The ins and outs and round abouts
So let my poor head be.
My owner, he came into view
They whacked each others han'
They never even thought of me
As they hatched their evil plan
The only words I could discern
Were those, "All right I'll buy".
I'm sold, the dirty so and so
And without a single sigh
What he has done, that awful man
T'would make a boulder cry.
This new life may be full of strife
With little hope of rest
But for this stranger guy, if he's not food shy
I'll do my level best
So we'll jog along to our little farm
Where ever that may be
And I'll spend the rest of my working days
Doing chores that he asks of me.
In the corner of the Lower Square, neighbouring McKenneys was a small old-time Pub occupied about the beginning of the century by a man, McAlea. On his retirement he sold to Jack Doyle who reared his family there before moving to manage another Pub in Omeath, about the late 1930s or early 40s. Then, into the vacant premises in the Square moved the famous Peter King from around the corner. However, this was another one of Peters slow money making adventures and he soon forgot about the Pub but not before his high power salesmanship and a stranger, O'Hare standing behind the Bar. Standing alone behind a Bar wasn't a paying proposition so O'Hare moved out about 1942/43.
Who really owned that Pub at that particular time isn't clear but Sarah Shields the Draper owned it in 1943 and she rented it then to a nephew Charlie Shields from Maghermayo for ten years. Charlie worked the business for five years during the War and employed Hugh McGreevy from the Circular Road for the remaining period. This little Pub is bound to remember the next occupier "Big Cog", Jim Flannagan. Born in Annsborough and weighing about twenty stone, he must go on record as one of Castlewellan's great characters. Jim would jump onto the stage in any Dance Hall and inject an extra bit of life into the proceedings, to the delight of the people there, who never saw or heard of him before. He soon became known over most of Ireland having a quick witty word for everyone. Jim would have bought or sold anything from tractors, lorries and cars to any kind of animal. He once bought a farm in Loughinisland and remembered one of his funniest experiences. He found a horse upstairs looking out of a window in this farm house and the job he had before the horse was on the ground and kicking it's heels down the field. When asked, once, why he had changed his new car again, he remarked, "I called in a Garage to make a phone call and couldn't walk out without buying something" - one of his thousands of jocular answers. Jim Flannagan wasn't the man to pour beer into glasses,so he headed for the open air again, but died in 1978 at the age of 53 years.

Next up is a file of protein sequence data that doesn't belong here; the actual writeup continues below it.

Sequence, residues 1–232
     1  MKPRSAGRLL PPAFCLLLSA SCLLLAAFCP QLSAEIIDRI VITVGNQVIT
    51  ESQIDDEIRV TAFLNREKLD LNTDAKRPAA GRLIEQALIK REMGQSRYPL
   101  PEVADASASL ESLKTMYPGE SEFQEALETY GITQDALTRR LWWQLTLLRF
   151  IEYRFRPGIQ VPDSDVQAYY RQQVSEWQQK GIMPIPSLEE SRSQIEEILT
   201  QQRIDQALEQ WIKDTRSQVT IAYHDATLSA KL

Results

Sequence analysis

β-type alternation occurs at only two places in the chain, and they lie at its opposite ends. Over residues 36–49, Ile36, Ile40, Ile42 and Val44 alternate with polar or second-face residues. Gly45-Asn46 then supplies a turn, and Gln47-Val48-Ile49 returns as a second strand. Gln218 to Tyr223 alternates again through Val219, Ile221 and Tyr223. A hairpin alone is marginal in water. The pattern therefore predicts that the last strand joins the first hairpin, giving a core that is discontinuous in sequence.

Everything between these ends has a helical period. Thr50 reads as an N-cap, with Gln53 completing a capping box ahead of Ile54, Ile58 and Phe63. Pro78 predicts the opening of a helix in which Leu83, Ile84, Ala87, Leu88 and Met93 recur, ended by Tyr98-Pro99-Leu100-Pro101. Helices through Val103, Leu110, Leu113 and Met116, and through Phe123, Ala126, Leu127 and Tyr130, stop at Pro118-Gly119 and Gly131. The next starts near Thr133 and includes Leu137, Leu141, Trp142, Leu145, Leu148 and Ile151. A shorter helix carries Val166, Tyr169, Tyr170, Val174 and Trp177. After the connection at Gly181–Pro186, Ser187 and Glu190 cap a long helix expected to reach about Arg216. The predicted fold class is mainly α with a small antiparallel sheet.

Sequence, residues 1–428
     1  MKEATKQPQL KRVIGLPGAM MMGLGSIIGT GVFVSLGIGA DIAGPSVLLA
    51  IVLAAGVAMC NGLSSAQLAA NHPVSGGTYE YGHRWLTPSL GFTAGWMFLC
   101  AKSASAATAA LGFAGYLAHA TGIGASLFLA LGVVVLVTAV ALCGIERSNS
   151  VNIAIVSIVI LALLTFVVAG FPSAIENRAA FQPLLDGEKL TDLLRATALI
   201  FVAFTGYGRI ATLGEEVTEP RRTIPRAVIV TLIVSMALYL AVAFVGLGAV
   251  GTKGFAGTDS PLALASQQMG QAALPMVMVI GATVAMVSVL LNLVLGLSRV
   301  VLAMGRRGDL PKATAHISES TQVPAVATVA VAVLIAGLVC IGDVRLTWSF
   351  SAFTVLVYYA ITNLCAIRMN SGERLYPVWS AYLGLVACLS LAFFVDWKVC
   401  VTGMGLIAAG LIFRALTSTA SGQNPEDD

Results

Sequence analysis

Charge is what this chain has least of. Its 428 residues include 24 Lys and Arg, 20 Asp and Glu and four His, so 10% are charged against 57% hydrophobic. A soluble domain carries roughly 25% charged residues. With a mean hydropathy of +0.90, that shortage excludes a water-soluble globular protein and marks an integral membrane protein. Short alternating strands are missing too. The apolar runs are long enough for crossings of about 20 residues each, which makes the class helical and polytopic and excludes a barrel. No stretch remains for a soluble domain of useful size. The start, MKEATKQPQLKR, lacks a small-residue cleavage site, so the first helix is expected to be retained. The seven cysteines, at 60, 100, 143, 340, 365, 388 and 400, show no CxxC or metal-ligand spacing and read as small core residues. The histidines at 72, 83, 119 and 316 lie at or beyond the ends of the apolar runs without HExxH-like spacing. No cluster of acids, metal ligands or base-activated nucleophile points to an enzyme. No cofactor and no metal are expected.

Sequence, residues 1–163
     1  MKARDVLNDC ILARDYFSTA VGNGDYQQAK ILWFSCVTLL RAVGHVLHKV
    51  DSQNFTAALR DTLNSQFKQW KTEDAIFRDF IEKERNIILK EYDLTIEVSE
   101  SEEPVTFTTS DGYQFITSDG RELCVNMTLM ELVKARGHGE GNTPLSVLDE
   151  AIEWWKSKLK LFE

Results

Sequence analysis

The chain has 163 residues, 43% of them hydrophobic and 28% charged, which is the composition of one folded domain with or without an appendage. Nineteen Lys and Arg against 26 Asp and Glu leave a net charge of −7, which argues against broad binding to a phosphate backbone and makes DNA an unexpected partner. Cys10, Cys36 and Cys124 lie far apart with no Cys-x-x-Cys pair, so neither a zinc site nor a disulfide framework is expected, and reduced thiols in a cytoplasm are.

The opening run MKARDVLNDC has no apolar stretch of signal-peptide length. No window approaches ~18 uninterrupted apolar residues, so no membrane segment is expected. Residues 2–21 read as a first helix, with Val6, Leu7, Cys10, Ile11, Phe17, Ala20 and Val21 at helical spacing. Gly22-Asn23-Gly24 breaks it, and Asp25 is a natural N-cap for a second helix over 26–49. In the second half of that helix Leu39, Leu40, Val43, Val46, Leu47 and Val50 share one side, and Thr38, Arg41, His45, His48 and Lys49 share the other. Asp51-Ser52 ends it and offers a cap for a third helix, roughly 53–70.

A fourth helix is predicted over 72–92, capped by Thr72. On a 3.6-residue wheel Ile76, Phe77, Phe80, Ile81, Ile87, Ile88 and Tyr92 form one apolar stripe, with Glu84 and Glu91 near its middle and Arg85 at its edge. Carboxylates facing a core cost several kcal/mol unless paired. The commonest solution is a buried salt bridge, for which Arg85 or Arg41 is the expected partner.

The Pub was taken this time by a Belfast man Tommy Crilly who unfortunately also had a short life and died there after a short tenancy in the mid 1950s. The last Publican to run this Pub was John Murray from Hilltown and a brother of the Garage Men in the Town of Castlewellan. However, no one seemed to be able to make a living there so he sold to a Clough man, Willie McGrady, a Fishmonger, thereby sealing the fate of the little Pub and changes were fast and vast. McGrady died about 1979 and Anthony Cochrane from Ballywillwill, who had served his time with Frank Lennon, moved in with groceries, only top~ out again within a couple of years.
In 1982 this place then housed an entirely different type of business -household electricial goods. It was owned by another Belfast man, Smith, a relation of Willie Magorian the Garage man in Castlewellan, but this didn't. seem to take off either, so he closed in 1983. Shortly afterwards, a new name appeared above the door 'The Kiddies Kabin', run by Mrs John Ward, who lives next door in part of McKenney's building and stocks everything in the clothes and eauioment line for children.